left by the time we have flattened out the virtues on a probabilistic plane. In
their very nature, probabilistic reconstructions make no mention of causal connections,
much less 'thick' connections; nor could they do so in any sense that is
irreducible to the probability calculus and still serve to meet the relevance
problem in Bayesian terms. Moreover, nothing in the foregoing analysis
guarantees that an hypothesis with great explanatory power or theoretical
consilience must be an *explanation* of the evidence, a tendentious choice
of terminology notwithstanding. The explanationist may feel that his birthright
is being sold for a thin mess of probabilistic pottage.

But I
think it would be premature to abandon exploration of the reconstructive
project on these grounds alone. The conceptual project of analyzing the notion
of explanation is a long way from being completed (Salmon [1989]). As for the
worry that the virtues might crop up outside of explanatory contexts, I think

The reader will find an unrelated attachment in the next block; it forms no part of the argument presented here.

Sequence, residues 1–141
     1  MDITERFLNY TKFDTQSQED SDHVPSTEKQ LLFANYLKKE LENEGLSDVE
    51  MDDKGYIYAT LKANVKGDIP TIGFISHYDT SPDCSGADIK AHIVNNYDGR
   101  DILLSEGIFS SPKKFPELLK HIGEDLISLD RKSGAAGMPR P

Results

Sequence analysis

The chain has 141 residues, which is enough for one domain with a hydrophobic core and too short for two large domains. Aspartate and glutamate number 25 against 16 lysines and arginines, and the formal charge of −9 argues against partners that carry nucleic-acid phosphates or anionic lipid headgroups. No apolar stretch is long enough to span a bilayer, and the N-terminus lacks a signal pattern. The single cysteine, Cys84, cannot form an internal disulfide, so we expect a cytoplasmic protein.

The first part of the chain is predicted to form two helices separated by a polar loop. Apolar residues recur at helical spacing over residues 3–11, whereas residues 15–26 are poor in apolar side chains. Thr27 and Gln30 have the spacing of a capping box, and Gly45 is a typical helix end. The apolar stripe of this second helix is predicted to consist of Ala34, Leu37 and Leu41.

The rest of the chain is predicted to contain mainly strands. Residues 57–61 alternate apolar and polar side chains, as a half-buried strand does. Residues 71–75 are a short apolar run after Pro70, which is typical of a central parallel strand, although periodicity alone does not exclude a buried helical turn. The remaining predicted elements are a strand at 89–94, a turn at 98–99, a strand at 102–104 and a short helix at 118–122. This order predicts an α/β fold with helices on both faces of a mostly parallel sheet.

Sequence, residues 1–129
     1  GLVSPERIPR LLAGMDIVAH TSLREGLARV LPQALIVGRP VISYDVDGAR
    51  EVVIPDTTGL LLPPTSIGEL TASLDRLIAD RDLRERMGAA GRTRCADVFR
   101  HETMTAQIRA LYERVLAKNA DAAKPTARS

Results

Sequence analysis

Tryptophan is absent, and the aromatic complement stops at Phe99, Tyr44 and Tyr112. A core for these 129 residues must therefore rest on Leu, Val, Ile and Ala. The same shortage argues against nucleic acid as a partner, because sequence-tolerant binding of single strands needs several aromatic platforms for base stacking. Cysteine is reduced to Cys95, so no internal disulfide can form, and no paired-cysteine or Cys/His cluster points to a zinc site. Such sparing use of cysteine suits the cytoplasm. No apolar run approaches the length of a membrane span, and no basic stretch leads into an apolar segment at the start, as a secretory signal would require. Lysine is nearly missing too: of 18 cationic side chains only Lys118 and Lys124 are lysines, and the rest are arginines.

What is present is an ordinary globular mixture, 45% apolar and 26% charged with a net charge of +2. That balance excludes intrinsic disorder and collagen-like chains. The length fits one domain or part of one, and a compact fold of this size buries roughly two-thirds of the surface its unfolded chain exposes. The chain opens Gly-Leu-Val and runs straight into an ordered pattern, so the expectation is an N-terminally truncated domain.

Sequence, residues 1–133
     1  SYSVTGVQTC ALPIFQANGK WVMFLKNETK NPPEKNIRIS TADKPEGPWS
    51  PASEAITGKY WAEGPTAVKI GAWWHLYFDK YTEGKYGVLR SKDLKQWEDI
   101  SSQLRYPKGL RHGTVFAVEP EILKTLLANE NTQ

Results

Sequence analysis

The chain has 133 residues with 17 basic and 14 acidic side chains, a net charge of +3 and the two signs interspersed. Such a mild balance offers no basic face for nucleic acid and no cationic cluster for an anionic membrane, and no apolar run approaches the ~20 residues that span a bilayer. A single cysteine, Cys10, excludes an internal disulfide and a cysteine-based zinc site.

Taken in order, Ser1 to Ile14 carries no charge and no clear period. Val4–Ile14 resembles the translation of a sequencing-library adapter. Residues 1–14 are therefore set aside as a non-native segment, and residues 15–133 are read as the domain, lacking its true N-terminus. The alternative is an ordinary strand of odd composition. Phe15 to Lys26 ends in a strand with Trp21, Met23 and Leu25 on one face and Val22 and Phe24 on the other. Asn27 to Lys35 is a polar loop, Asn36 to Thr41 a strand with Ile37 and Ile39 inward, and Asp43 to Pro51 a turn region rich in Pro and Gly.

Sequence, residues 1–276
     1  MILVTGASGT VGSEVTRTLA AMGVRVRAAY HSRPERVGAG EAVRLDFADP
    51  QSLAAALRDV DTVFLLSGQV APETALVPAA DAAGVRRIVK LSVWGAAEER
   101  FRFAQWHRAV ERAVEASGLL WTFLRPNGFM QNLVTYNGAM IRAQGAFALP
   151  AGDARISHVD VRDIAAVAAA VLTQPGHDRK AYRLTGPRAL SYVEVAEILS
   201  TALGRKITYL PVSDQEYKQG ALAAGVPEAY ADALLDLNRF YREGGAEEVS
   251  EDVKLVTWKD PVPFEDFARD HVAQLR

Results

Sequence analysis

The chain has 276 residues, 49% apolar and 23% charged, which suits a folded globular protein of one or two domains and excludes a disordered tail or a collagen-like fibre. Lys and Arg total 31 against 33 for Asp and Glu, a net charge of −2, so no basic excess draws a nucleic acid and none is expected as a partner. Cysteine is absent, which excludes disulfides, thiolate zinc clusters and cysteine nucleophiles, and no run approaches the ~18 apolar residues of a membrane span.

the explanationist should abandon the imperialist ambition to bring every
aspect of non-deductive inference under the heading of IBE. It is sufficient
that the virtues are frequently, perhaps overwhelmingly frequently, exhibited
in inferences of an overtly explanatory sort and that our attention is drawn to
them precisely because of the role they play in explanatory reasoning. And in
view of the present impasse in developing non-probabilistic accounts of
explanatory inference, explanationists are well advised not to turn back before
they have explored the probabilistic path at least somewhat further, lest they
should miss a hitherto undreamt of outlook on the whole.

Department of Philosophy

Western Michigan University

mcgrew@wmich.edu

Acknowledgments

I am grateful to two anonymous referees who provided